Crudo: Weddings, Wars, and the World’s End

Author: Olivia Laing

Kathy is getting married in the summer of 2017, right in the midst of the Trump presidency, Brexit, and fascist uprisings.

On holiday with her husband-to-be in Tuscany, she discovers that ‘the Internet was excited because the president had just sacked someone’, and during her wedding, a guest announces that Steve Bannon had resigned – “They all checked their phones.” Olivia Laing, explores the intersection of the personal with the political by juxtaposing the bleak global politics of 2017 with what should be the happiest time in her protagonist’s life.

But it is not the happiest time. Kathy is a self-described commitment-phobe, having lived all her life shuffling between people and places, and at the age of forty she is going to marry a man twenty nine years her senior. She is terrified of intimacy, she views love “as invasion, as the prelude to loss and pain”.

At one hundred and thirty-three pages, Crudo is the kind of novel you read in one sitting. The length leaves the plot underdeveloped, but the lack of focused narrative is what gives Crudo its immediacy, a sense of everything happening at once.

Laing’s work has always examined the lives of others in the context of her own. In her last book, The Lonely City, she studies the loneliness of four New York artists while she narrates being abandoned by her lover in the city. Crudo’s Kathy is none other than American experimental novelist Kathy Acker, who died of breast cancer in 1997, and on whom Laing transposes her own marriage to Ian Patterson. The biographical patchwork may seem strange, even wrong, but as Laing points out, Acker herself was no different, “a grave robber, a bandit, happy to snatch what she needed, but also morally invested in the cause”.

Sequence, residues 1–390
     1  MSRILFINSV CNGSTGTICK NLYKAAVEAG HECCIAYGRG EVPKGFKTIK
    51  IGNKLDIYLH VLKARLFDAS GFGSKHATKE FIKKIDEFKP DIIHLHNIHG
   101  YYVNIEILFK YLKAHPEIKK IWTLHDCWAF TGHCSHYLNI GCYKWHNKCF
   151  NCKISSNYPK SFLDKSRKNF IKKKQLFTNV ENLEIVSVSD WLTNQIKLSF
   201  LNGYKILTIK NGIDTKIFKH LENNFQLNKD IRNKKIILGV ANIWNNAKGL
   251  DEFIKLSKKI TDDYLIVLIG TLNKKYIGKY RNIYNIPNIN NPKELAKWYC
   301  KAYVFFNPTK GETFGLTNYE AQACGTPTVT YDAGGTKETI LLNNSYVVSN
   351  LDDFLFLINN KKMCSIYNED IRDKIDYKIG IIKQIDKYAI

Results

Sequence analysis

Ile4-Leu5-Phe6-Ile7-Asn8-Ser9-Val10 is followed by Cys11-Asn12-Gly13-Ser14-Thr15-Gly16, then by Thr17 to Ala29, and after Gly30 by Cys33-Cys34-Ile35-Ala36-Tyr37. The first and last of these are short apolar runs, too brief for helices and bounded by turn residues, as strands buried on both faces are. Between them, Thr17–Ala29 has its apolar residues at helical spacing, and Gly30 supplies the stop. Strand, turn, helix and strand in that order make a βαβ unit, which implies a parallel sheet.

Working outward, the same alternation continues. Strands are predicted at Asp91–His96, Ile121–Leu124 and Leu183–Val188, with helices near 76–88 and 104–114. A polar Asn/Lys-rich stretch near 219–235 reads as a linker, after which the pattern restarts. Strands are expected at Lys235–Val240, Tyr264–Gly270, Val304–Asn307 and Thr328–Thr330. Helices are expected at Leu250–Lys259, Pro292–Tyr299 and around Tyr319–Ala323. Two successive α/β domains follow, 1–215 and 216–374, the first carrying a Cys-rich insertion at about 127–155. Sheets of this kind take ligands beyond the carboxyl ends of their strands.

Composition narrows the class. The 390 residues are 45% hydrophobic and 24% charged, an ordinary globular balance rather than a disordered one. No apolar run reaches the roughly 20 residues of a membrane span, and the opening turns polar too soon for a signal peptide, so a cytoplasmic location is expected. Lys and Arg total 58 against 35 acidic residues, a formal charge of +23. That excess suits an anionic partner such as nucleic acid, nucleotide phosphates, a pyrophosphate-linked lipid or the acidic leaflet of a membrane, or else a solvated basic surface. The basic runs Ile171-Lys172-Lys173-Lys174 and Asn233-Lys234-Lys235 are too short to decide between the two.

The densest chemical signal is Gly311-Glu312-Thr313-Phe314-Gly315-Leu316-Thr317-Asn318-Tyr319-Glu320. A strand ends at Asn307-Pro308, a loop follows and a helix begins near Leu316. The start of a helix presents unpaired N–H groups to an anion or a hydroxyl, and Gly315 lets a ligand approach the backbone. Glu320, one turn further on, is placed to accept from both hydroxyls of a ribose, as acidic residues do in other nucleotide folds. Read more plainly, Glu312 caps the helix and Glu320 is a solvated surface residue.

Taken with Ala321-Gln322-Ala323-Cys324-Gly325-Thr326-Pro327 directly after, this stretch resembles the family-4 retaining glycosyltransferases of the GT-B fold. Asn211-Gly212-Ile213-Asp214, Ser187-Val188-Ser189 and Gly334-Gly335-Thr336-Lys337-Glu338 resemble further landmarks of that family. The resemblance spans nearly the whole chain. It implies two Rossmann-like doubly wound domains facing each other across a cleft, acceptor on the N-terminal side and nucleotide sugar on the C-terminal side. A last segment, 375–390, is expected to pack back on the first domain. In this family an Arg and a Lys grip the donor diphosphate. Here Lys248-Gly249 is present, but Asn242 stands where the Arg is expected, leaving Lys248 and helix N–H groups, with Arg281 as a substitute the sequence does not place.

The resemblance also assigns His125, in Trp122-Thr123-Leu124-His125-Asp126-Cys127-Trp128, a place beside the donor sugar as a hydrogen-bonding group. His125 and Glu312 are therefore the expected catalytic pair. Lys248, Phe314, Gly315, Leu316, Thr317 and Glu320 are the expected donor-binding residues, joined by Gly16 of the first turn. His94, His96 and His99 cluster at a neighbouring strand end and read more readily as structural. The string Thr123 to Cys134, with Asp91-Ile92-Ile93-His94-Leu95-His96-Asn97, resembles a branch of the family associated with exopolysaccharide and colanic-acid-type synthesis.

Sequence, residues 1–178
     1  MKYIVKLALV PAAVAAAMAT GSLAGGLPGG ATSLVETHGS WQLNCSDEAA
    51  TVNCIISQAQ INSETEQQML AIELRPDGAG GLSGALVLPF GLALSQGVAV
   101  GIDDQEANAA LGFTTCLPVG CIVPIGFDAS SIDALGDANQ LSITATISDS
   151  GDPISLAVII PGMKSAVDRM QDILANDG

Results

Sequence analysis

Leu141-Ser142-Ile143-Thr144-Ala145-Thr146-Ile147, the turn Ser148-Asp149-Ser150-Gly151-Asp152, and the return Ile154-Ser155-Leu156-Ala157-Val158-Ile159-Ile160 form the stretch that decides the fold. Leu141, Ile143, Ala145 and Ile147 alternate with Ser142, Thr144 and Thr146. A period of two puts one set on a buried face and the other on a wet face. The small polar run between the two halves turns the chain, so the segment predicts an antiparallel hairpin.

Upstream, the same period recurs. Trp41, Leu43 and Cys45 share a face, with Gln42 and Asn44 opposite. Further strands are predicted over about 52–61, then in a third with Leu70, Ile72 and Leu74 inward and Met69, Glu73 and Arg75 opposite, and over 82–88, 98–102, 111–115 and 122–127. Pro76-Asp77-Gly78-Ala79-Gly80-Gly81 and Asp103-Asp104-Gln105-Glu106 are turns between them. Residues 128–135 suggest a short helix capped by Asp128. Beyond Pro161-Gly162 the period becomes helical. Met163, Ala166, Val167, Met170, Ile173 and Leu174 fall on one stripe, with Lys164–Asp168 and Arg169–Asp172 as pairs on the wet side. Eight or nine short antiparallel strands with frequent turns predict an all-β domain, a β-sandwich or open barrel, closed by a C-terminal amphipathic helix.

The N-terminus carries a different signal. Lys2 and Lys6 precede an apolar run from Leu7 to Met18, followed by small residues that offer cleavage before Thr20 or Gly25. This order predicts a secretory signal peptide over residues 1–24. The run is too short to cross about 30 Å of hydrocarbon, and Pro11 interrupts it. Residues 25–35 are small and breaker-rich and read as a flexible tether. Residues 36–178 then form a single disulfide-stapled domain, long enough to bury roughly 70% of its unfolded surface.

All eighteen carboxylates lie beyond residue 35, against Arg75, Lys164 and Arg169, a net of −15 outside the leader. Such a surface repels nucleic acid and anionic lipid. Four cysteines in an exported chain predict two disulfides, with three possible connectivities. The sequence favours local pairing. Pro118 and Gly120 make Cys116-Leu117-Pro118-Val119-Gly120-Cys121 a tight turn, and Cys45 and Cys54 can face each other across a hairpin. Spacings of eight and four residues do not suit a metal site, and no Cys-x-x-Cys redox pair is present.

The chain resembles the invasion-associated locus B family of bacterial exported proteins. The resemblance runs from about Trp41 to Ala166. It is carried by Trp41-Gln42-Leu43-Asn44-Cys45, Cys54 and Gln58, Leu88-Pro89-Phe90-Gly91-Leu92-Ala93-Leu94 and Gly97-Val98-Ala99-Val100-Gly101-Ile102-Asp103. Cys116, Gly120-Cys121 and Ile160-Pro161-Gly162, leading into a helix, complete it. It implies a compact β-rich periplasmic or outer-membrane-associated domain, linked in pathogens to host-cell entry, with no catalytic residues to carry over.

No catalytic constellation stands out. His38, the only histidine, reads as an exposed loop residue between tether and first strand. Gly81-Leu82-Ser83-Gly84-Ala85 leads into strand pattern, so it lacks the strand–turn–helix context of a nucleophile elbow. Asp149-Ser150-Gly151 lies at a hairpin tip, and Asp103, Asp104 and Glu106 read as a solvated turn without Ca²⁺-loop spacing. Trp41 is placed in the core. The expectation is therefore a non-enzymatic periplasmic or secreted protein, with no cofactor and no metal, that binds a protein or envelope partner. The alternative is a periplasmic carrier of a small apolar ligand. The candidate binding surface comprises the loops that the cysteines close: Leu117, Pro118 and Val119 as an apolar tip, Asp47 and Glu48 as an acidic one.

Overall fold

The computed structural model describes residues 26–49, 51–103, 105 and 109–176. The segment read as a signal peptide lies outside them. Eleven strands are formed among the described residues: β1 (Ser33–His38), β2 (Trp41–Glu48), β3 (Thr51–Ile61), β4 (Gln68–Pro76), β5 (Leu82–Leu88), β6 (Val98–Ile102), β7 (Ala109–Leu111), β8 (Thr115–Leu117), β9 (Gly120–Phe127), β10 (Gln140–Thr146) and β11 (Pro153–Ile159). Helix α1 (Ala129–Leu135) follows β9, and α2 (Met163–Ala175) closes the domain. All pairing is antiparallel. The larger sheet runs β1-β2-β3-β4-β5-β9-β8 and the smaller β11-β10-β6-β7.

The word ‘crudo’ means raw (in Italian), which is exactly how Laing serves her story; an unfiltered account of the inner life of her protagonist. It is a study of contemporary life, of the powerlessness we feel in our interaction with the news and the apathy it generates.

“Ten years ago, maybe even five, it was possible to ignore atrocities, to believe that these things happened somewhere else, in a different order of reality from your own. Now, perhaps because of the Internet, it was like the blind spot had got very small, and motional like a marble. You couldn’t rely on it. You could go on holiday but you knew corpses washed up there, if not now then then, or later.”

But not all is lost. In spite of its pre-apocalyptic tone, the novel is hopeful, even affectionate on occasion.

“She was experiencing one of those occasional upswells of love, when she suddenly felt satiated on a neurological and also soulful level, enough and not too much pleasant information saturating the synapses in her brain.”

There are books on politics and there are books on love. Crudo combines both to create a funny and accurate portrait of marriage.


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